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October 06, 2013

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GeorgeNYC

So, in a way, Mitt Romney's "Corporations are people" can be seen as a Marxist commentary on alientation.

Warren

What's wrong with capitalism exactly? One barely knows where to begin.
Marx believed that work was an integral part of humanity, but many workplaces are dehumanising, physically and mentally damaging to them. He thought the the repetitive nature of millions of people's work was not in harmony with their human nature. Marx analyses factory work; we might use that example, or people working on supermarket checkouts for hours at a time. He thought that workers were told when to work, how to work, and derived little pleasure or satisfaction in it. Workers are also alienated from what they make because it does not directly benefit them. Capitalism further alienates people from each other by encouraging hyper-competition and not co-operation. The experience of work for the vast majority of humanity is a miserable one or worse. (I did a seven year stint in a almost windowless and very noisy uk factory and much of Marx's Capital rings true to me).

Boffy

I don't think for a Marxist thinking about how a future society might work it is just the domination of capital that is important.

Many years ago when I was a City Councillor I visited an old woman who had a problem with a leaking tap flooding her kitchen. The Council, sent a plumber out several times, who failed to deal with the problem. A friend of mine who was the Plumbers Shop steward came as a favour to look at it, and fixed it within about half an hour, and was pretty scathing about his members workmanship or lack of it.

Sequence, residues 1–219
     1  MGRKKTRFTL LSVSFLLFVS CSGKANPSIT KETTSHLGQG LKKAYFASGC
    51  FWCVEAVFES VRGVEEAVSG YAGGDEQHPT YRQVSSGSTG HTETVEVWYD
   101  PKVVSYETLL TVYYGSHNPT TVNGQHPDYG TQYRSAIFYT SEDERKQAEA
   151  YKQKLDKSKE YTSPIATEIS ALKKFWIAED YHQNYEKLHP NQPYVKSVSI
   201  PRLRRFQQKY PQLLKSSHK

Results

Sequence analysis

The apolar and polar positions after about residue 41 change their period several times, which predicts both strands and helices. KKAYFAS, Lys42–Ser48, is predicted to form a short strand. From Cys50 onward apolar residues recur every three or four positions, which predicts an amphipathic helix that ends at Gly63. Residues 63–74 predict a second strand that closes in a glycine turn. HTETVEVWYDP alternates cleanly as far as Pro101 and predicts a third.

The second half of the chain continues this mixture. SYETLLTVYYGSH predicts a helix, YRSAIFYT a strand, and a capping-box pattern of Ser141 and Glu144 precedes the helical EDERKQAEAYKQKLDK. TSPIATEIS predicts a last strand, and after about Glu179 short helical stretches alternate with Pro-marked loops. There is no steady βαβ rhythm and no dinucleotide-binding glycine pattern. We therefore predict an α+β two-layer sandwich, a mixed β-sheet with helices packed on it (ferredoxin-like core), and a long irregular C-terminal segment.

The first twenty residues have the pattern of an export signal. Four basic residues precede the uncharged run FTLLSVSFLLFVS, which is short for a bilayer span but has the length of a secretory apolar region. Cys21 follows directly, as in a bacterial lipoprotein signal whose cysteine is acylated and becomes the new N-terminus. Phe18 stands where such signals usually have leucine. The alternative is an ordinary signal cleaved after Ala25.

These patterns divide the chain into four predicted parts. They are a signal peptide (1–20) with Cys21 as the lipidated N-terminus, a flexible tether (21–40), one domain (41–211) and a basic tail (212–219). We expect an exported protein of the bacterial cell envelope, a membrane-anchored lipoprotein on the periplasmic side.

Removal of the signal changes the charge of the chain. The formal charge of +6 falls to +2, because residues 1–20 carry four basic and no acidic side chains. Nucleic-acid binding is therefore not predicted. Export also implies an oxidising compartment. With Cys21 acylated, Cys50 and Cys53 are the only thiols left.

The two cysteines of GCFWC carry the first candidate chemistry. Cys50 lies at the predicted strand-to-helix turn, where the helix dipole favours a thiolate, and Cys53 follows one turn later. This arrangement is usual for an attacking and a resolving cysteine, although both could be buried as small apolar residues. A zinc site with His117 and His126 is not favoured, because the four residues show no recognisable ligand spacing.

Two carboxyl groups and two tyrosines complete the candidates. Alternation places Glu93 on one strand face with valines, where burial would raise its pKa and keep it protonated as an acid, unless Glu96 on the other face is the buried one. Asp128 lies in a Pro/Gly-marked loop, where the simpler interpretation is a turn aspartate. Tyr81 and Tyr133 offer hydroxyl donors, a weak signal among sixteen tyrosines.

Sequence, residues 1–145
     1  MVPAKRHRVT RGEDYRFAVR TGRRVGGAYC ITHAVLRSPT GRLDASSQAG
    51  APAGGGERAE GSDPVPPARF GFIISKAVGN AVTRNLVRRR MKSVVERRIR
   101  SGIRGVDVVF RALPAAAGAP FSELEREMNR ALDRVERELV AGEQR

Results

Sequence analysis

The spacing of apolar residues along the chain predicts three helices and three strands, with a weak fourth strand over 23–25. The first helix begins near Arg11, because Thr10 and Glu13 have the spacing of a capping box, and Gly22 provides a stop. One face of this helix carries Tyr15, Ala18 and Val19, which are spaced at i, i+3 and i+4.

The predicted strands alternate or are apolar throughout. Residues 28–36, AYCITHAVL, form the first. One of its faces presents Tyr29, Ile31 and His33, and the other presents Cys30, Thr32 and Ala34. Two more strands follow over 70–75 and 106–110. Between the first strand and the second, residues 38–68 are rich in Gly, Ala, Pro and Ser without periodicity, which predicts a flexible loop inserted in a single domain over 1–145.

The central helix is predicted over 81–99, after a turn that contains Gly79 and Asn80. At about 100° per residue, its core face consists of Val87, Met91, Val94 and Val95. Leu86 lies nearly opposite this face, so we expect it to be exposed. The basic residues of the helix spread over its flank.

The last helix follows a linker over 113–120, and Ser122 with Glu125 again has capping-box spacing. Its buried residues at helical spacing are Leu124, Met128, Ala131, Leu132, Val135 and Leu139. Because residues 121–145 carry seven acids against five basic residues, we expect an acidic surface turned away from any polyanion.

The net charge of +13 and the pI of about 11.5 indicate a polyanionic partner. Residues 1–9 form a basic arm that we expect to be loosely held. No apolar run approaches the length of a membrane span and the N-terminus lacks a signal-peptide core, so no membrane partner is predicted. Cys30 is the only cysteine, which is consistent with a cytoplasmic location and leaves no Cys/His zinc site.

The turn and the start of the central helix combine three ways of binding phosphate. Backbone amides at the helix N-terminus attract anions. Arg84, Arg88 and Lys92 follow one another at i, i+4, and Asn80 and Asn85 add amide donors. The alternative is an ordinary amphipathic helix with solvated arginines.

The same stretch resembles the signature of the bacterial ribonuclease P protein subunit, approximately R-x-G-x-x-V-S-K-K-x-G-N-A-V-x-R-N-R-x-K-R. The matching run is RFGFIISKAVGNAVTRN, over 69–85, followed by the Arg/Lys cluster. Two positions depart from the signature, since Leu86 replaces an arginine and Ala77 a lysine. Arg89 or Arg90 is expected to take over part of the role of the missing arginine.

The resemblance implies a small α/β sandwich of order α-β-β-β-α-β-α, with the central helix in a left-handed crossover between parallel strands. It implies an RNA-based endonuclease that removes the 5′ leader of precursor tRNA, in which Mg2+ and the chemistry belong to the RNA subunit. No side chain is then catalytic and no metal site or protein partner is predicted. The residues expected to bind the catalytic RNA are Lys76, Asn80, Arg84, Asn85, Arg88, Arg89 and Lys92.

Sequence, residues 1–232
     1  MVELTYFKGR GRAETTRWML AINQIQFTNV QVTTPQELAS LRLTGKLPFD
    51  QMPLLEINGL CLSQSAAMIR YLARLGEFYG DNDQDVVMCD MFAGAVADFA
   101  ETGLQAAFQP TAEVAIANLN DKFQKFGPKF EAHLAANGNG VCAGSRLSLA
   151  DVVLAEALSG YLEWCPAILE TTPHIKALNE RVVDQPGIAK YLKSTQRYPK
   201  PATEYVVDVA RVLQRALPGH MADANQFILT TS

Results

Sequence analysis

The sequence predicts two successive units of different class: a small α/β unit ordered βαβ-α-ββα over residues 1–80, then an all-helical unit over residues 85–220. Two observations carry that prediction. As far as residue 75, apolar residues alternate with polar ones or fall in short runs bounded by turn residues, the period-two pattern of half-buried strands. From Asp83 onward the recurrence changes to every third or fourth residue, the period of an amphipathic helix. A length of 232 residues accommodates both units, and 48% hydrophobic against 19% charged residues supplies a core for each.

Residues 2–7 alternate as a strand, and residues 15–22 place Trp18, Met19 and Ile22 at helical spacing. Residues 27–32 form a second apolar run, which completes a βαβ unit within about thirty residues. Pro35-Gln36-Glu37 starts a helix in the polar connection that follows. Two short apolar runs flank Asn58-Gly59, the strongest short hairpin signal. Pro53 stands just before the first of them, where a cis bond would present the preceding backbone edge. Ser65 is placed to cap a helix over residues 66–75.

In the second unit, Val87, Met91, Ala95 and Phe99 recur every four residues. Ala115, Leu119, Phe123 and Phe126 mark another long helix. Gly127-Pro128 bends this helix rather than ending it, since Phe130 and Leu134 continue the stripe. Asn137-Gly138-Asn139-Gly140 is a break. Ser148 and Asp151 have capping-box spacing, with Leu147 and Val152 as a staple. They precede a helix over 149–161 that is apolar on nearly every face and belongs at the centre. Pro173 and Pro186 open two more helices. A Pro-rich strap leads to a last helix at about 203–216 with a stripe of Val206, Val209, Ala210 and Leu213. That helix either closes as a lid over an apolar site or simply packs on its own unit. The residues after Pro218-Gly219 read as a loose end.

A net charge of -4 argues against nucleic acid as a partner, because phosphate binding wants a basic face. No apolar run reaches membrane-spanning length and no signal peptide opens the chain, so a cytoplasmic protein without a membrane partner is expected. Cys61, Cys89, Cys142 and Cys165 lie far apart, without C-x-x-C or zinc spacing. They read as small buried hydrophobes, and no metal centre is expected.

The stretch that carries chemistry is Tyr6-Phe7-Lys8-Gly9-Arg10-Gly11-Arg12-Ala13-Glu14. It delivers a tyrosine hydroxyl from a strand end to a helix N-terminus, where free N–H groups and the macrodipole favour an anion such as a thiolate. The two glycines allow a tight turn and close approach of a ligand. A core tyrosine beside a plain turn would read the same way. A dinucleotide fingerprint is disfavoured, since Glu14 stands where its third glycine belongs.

But, that is alienation for you. The plumbers didn't have ownership or control of the means of production, the old lady wasn't a human being and fellow worker, she was just a customer, and whether she was satisfied with the service she got or not was not important.

As well as problems of lack of relevant resources, the same problem explains the lack of even basic decency afforded to our elderly in NHS hospitals, but it would also apply in any future society where workers did not feel that they directly owned the means of production, where they did not feel that there was an imperative for them to produce good quality products for their fellow workers either probably initially pecuniary, or later, because real human relations replaced commodity fetishism.

Peter Dorman

Regarding alienation, I think that most of it can be summed up as extrinsic vs intrinsic motivation. The more you are extrinsically motivated, the more alienated you are. Of course, for reasons you allude to it is not possible or desirable to run an economy on intrinsic motivation alone.

gordon

"The problem here, though, is not so much alienation as domination, in the sense of oppressive working conditions, and inequality".

That makes me think of Prof. Marmot's work on how powerless employment at the bottom of the traditional pyramidal organisation makes you sick; see his book "Social Determinants of Health" and this summary on the WWW:

http://www.euro.who.int/en/what-we-publish/abstracts/social-determinants-of-health.-the-solid-facts

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“fast internet and phone connections to billions of people in far flung corners of the earth.”

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